Rumblings continue in college sports
Sunday, September 22, 2013
It might be time to get behind APU. And it has nothing to do with slow sales at the Kwik-E-Mart.
On Saturday, several players from schools such as Georgia, Georgia Tech and Northwestern wrote the letters APU — All Players United — on their gear in a show of solidarity. APU is being organized by the National College Players Association, a group started to look out for the best interests of college athletes.
What do they want? Well, a quick glance doesn’t show anything that’s too off the charts.
The NCPA said among the goals are to demonstrate unity among players, support players who have concussion issues, and direct a portion of television money to guarantee basic protections for players, for example, renewal of scholarships for permanently injured players.
The primary concern of the group appears to be health and safety. For those of you who want reforms in college sports, this may be the cause for you to get behind. It doesn’t appear to be a money grab by college athletes, it looks like a group looking out for everyone who plays college sports.
On the other side of the ledger, there’s Arian Foster. He doesn’t ask, “Where can I help?” He asks, “Where can I help myself?”
Foster, now a running back in the NFL with the Houston Texans, is appearing in a yet to be released documentary titled “Schooled: The Price of College Sports.”
In an excerpt released Friday, Foster admits he took money while playing at the University of Tennessee and he has no problem with it.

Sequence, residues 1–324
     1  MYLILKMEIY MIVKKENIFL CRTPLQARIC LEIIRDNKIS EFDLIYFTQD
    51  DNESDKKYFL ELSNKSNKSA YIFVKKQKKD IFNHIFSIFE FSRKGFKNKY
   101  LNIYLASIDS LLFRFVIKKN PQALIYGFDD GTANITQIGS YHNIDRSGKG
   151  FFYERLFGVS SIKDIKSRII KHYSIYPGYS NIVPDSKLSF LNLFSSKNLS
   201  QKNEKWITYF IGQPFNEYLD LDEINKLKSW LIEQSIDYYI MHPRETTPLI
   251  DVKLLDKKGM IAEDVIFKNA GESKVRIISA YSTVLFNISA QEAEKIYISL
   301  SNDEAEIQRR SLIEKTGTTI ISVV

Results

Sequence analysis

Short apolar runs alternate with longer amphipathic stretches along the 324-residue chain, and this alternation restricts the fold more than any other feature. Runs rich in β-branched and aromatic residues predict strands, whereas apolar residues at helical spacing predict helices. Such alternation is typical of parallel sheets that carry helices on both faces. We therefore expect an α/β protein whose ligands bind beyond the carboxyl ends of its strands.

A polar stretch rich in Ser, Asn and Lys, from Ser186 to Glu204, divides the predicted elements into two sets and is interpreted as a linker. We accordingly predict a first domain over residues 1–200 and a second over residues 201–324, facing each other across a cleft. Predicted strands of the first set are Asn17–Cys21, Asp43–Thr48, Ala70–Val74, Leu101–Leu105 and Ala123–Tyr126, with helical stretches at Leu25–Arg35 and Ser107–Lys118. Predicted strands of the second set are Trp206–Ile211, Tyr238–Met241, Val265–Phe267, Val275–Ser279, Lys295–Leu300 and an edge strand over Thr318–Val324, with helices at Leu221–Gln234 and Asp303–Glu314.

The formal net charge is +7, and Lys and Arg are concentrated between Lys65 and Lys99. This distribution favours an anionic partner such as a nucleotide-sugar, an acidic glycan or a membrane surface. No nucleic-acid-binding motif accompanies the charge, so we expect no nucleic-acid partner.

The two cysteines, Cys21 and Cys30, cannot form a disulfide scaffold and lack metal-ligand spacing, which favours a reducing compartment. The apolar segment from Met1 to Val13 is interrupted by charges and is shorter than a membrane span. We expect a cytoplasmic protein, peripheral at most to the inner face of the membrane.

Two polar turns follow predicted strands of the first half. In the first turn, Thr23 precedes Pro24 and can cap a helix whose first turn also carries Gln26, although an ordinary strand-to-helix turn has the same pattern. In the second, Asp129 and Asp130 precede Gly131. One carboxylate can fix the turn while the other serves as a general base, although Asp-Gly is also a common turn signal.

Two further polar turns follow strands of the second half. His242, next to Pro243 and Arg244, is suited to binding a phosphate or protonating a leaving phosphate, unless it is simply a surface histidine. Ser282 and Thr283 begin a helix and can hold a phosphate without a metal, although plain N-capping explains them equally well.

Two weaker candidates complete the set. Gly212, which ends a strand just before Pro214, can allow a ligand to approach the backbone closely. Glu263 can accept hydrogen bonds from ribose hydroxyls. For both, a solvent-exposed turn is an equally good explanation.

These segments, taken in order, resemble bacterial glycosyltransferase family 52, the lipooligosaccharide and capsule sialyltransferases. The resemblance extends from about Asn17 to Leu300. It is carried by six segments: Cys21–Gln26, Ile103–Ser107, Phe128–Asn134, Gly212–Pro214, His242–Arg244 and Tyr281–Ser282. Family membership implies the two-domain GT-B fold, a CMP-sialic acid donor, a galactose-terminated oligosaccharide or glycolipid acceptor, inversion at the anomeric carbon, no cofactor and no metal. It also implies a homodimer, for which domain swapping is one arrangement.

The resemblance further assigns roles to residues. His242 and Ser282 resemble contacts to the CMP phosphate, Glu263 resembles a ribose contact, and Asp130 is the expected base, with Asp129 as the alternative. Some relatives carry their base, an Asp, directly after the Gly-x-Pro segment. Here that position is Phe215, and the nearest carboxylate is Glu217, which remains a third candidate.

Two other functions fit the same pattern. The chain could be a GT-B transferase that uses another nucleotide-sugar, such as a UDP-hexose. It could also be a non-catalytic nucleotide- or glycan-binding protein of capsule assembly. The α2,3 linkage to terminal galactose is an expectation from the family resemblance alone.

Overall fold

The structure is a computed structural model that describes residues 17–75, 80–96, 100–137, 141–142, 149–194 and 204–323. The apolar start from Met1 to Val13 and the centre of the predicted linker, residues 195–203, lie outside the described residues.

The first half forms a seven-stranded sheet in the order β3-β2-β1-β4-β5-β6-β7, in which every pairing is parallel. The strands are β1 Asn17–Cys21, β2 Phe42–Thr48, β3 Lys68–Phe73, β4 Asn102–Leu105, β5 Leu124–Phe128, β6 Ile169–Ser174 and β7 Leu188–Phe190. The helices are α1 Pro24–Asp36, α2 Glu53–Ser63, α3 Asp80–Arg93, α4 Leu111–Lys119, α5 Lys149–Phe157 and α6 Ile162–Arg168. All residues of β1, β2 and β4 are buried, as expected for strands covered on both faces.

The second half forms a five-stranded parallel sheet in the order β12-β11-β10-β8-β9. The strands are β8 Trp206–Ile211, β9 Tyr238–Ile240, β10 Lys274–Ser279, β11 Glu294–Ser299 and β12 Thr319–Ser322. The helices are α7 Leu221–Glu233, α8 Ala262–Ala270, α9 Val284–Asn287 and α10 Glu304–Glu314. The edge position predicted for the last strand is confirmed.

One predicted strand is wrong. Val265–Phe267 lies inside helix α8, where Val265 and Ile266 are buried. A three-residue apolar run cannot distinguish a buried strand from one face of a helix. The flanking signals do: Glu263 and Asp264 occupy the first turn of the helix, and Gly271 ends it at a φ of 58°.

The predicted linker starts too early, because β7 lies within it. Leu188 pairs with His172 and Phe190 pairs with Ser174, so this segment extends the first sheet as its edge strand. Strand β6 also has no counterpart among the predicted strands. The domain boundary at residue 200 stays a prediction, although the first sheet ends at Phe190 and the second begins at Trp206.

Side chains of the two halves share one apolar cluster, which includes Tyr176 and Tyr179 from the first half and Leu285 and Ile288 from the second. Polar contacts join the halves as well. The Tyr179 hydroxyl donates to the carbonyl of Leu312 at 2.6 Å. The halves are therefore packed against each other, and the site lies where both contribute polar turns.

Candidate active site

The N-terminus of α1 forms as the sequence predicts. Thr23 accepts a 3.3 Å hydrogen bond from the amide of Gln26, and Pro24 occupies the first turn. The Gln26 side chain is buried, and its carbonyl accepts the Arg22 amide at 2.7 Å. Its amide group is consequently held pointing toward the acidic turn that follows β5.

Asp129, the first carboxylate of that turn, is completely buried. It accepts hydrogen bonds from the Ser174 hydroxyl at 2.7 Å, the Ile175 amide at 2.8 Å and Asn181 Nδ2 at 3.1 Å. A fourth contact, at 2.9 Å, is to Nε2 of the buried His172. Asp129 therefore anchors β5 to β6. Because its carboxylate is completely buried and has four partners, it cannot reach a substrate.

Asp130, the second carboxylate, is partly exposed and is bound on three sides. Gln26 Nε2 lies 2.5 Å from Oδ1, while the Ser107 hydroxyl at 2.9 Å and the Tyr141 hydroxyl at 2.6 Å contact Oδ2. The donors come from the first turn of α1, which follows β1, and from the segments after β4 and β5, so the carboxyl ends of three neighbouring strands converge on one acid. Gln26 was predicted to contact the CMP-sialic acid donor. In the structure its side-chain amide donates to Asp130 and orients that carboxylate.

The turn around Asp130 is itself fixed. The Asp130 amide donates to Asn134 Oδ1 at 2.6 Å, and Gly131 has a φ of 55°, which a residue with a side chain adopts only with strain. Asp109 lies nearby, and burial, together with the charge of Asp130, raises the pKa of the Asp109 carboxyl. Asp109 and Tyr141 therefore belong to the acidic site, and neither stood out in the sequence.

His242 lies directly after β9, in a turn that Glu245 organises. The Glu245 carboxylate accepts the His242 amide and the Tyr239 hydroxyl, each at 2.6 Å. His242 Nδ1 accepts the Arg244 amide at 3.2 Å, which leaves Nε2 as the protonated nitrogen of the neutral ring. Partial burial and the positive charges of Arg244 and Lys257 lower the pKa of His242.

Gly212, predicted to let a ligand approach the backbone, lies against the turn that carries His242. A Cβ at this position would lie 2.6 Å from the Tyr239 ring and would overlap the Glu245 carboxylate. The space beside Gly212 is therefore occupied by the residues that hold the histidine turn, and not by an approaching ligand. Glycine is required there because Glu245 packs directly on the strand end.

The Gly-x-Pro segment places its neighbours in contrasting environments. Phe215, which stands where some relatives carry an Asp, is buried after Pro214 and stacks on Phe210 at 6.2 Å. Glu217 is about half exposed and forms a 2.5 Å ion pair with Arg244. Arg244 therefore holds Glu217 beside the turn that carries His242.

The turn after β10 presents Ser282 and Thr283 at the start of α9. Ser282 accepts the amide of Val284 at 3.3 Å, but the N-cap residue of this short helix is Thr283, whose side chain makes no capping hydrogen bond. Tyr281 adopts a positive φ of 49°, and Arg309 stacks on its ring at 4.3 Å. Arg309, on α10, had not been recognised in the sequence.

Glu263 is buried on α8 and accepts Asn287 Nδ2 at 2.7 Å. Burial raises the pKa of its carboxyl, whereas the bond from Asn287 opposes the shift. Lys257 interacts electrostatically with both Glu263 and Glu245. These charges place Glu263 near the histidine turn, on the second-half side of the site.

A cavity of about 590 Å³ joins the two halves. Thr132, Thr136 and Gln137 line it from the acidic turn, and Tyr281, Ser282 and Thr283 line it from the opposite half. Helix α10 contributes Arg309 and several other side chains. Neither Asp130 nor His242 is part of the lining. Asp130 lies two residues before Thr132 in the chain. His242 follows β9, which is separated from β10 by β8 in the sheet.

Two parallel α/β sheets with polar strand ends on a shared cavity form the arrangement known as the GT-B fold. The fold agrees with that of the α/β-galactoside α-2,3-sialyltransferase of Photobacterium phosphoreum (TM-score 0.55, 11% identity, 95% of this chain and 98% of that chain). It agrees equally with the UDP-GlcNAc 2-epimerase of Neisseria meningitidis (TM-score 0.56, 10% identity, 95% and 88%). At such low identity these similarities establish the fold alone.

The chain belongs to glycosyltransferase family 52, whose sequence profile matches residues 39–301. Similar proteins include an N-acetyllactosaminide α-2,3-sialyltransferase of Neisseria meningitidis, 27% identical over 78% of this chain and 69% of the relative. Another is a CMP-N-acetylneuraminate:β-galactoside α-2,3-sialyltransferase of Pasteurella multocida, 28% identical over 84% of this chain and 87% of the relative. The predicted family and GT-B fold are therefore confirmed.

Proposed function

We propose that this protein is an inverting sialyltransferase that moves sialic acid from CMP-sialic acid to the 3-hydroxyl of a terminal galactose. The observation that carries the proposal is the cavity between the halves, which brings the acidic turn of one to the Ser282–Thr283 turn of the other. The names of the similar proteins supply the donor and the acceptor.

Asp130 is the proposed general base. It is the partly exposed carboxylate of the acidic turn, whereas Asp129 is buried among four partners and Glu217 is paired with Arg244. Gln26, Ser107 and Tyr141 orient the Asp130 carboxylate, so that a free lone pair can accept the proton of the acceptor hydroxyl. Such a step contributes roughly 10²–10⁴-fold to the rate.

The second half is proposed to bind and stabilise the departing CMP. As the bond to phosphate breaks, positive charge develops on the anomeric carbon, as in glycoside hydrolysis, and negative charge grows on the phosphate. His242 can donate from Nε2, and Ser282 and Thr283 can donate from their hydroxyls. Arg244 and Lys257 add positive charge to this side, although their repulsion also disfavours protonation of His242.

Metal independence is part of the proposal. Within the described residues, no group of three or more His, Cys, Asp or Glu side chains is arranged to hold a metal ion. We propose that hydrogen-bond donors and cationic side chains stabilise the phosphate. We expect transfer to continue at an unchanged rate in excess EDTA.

A little background on Foster. While at Tennessee, he was asked a question about an upcoming game against Georgia. Foster responded he would only conduct the interview if he could speak Pterodactyl.
For those of you who aren’t quite up to speed on Pterodactyl, they would be flying reptiles who lived anywhere from 65-220 million years ago that fossils have shown had wingspans as much as 30 feet. And evidentially could talk.
So this bit of wisdom came through Foster’s lips.
“Veeeek!, Veeeek!, Veeeek!”
At least he didn’t speak Klingon. Because that would have been silly.
I took one semester of introductory Pterdactyl at college, so allow me to translate, although my Pterodactyl might be a little rusty.
What I believe Foster said was “I am an idiot, don’t believe a word I say. Ever.”
Because, thankfully back to speaking English in the documentary, Foster said this:
“I really didn’t have any money. I had to either pay the rent or buy some food. I remember the feeling of like, ‘Man, be careful.’ But there’s nothing wrong with it. And you’re not going to convince me that there is something wrong with it.”
Either pay the rent or buy some food. College athletes receive a housing stipend every month. That’s rent money. And major colleges have a training tables for athletes. That’s better food than normal college students eat.
So Foster wants college football players to get paid because the stipend just isn’t enough. What about volleyball and tennis players? Track and cross country runners? Just because they don’t play in front of tens of thousands of people doesn’t mean they don’t need a place to live. And food to eat.
Where’s that money going to come from? The end is coming to college sports as we know them. And for a lot of schools, it’s not going to be pretty.
Even the long-extinct Pterodactyl can see that.
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